The Big Happy
There it was. My first composition book. The one that, along with my first-grade ditto, really put my on the road to writing. I still remembered my eight-grade English teacher, Mr. Paulson, telling me how special I was. How I was going to be a great writer some day. I cracked the book, ready to be dazzled.

Ten minutes and eight compositions later, my stomach started to hurt. This kid was crap! Awful! The worst writer I'd ever read! A poem about chickens? An essay on how Star Wars rocks? A short story directly ripped off from The Goonies? What the hell was going on? How could my teacher have ever thought I would amount to anything after reading this? But there lay his comments in red ink at the end of each atrocity, telling me how wonderful it was and how I did it again. Almost made him throw up in his mouth again, probably. Was this a sick joke he liked to play on his students? Tell them they're good at something they suck at and then wait for the reunion to come around so he can see if they fell for it? Hah! You became a writer! My God, I was only kidding!

----

A shudder ran through me as my big happy crashed and burned. Buy why? Wasn't this what I wanted? What else did I expect? Who was I kidding? I knew what I expected. I expected to sell this book and look around to see I'd made it to the pinnacle, the very apex of achievement, where I could be happy forever. But not that I was here, I could see that I'd only pulled myself up the first step, and a mountainous staircase loomed ahead of me, the top far out of sight. Off to the sides of this climb lay the littered remains of friends and family, experiences and simple pleasures, all cast aside in the single-minded rise up the stairs. The only thing that could sustain me would be the love of what I was doing. The love of writing. But did I love to write? Or did I just love to be read?

----

Why did everything have to be romantic? Why couldn't I just be afraid of losing a friend? Isn't that catastrophic enough? Lifelong friends are rare, and I refused to let go without a fight. I refused to be left behind. How could I explain that to her if all she understood was a guy hung up on a girl? How could I get her to see that it was change that was the enemy, change being forced upon me against my will. As I got older my life picked up speed like a river nearing the waterfall and as I drifted down it I could feel myself losing control over what I could hold on to. If I waited too long I'd be stuck with whatever my failing hands could curl around.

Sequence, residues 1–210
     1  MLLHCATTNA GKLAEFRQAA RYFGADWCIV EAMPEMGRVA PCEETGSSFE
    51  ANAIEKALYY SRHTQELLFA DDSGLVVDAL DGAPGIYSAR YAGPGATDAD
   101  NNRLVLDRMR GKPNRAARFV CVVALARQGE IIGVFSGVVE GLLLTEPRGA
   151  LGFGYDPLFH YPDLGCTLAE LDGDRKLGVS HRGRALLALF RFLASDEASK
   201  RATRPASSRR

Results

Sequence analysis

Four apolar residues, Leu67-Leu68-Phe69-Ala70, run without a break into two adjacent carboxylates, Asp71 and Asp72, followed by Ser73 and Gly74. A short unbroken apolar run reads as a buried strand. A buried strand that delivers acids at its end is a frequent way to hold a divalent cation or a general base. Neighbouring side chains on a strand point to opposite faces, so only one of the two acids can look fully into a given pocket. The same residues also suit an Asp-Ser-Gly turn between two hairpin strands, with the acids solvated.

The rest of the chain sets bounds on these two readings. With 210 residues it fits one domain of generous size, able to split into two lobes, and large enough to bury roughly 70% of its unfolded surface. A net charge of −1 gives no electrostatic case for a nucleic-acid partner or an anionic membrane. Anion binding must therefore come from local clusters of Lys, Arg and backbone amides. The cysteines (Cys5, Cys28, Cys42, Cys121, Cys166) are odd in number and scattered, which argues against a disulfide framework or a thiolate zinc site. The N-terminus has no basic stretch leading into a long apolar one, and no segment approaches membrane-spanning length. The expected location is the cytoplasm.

The Big Happy
- Scott Mebus

Tuesday, January 02, 2007 · posted at 4:16 PM
Generation Me
Ordinary people can also find a taste of fame on the Internet. Anyone can put up a Web page, start a LiveJournal, or post to message boards. Blogs are built around the idea that everyone wants to hear your thoughts. Had a bad day? Tell the world about it on LiveJournal. Proud of your athletic ability, your family, your hobbies, your witty writing? Create your own Web page.

If you really want to get realistic, listen to the advice of John Pozniak, 27, interviewed in Conquering Your Quarterlife Crisis. "Will you always hate going to work? Yes. It is a way of life," John says. "There is a support group for it called Everyone, and they meet at the bars on Friday. The key is to find a job that doesn't suck 'as bad.' The good thing is since your job sucks, everything else you do seems that much better and more rewarding."


Generation Me
Jean M. Twenge